Naturally, you want a bulb that is sufficiently bright for your purposes. Brightness is now measured in lumens: the higher the lumens count, the brighter the light. Lumens is a relatively recent measure, replacing that of wattages, which we have long been accustomed to measuring the strength of a light bulb by. This is actually kind of misleading, though, since wattage measures something quite different from lumens, namely the power used by the light bulb, not its brightness. However, there is still somewhat of a relationship between energy usage and brightness, and thus a relationship between wattage and lumens. For example, an old style 40 watts bulb emits about 450 lumens of light, whereas a 100-watt bulb will emit around 160 lumens. If you can though, look for the lumen rating of your light bulb; most modern light bulbs will have one.
The possible colors of light emitted by a bulb range from a cool white tint verging on blue at one end of the spectrum, to warm whites and yellows at the other. Incandescent lights, traditionally, have sat at the yellow end of the scale, whereas LEDs and CFLs have been thought to tend towards the blue side of the spectrum, though now ‘warmer’ colored LEDs and CFLs are appearing on the market too, so if your taste prefers a warmer, cozier yellow-colored light to illuminate your porch or private study, and you are afraid that the phasing out of incandescent lights may remove that option, then think again.
The efficiency of a certain light bulb measures how many lumens of light output you get per watt of energy/electricity input. The higher the lumens count for a given wattage, the more efficient the bulb is at converting power into light. Whereas generally speaking ALL incandescent lights have exactly the same efficiency, because of the fact that a given wattage of power will invariably heat the tungsten filament to a particular temperature, which will, in turn, translate into a specific output of light; with LEDs and CFLs, which utilize a completely different method of converting electricity into light, the efficiency will differ greatly from bulb to bulb.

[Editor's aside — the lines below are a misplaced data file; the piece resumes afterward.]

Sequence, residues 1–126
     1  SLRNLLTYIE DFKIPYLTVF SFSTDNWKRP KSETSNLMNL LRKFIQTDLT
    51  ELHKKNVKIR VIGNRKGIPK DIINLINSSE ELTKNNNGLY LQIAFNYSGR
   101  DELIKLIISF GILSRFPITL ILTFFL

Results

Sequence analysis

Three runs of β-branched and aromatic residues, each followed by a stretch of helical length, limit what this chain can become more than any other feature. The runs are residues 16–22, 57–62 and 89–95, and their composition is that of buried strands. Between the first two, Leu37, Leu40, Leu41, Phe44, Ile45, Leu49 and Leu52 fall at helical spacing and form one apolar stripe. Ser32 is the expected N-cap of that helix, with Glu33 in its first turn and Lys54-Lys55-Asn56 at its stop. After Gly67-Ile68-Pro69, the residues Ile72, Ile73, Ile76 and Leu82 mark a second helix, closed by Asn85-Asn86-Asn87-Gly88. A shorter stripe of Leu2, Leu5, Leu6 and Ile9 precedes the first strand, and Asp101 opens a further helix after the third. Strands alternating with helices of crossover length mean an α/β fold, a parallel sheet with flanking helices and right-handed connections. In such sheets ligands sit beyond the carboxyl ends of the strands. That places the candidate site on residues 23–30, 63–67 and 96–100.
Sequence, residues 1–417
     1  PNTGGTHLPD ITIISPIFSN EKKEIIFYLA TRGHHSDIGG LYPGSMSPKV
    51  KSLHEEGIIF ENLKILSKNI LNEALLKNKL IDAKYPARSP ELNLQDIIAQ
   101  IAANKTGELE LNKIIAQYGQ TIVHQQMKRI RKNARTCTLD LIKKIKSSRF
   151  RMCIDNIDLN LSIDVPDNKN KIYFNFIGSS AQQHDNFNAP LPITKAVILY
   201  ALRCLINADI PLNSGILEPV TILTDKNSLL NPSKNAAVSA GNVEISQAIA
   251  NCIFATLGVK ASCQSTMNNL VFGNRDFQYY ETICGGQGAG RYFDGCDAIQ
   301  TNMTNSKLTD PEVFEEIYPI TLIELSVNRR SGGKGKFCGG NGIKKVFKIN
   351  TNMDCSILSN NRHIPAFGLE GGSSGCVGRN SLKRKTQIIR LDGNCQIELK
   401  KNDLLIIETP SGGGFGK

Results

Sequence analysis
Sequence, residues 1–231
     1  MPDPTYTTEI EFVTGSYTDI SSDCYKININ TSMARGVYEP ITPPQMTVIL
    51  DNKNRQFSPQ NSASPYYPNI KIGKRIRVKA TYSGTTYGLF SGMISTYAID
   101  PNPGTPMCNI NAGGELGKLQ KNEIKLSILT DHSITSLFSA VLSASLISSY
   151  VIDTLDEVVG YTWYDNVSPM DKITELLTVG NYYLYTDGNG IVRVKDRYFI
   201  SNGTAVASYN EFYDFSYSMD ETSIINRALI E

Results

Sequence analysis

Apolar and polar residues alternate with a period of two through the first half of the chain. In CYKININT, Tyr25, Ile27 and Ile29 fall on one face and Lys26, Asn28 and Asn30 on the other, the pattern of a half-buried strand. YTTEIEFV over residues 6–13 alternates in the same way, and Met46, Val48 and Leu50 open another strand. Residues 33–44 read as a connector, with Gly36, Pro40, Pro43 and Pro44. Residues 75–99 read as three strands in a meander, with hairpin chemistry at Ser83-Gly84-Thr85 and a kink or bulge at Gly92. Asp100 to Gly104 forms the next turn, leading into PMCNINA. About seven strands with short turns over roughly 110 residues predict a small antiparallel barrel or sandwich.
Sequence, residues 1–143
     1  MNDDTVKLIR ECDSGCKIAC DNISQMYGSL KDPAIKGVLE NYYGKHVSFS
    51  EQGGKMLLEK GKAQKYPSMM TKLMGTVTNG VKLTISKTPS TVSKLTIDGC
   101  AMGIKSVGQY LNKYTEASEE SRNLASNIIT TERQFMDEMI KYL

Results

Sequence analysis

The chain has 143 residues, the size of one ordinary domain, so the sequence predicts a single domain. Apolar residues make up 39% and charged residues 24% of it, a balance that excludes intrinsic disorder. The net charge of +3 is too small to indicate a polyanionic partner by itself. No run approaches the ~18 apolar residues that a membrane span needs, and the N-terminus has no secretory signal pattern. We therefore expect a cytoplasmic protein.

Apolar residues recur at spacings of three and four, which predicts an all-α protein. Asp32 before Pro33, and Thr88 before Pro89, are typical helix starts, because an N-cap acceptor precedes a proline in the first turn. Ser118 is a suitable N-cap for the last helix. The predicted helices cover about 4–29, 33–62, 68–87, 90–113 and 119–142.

For the most part, LEDs use a small fraction of the power required to light up an incandescent bulb and thus are dramatically more efficient in energy terms–cost too. A 10 watt LED that emits 800 lumens of light beats the stuffing out of a traditional 60 watts incandescent light bulb that has the same output. Meanwhile, CFLs use between only one fifth to one-third of the power that incandescent light bulbs do, so they are on the upper end of the efficiency scale too. As we have seen, traditional incandescent bulbs just don’t cut it when it comes to energy efficiency, but with new varieties – like the halogens considered earlier – they are starting to lift their game as well.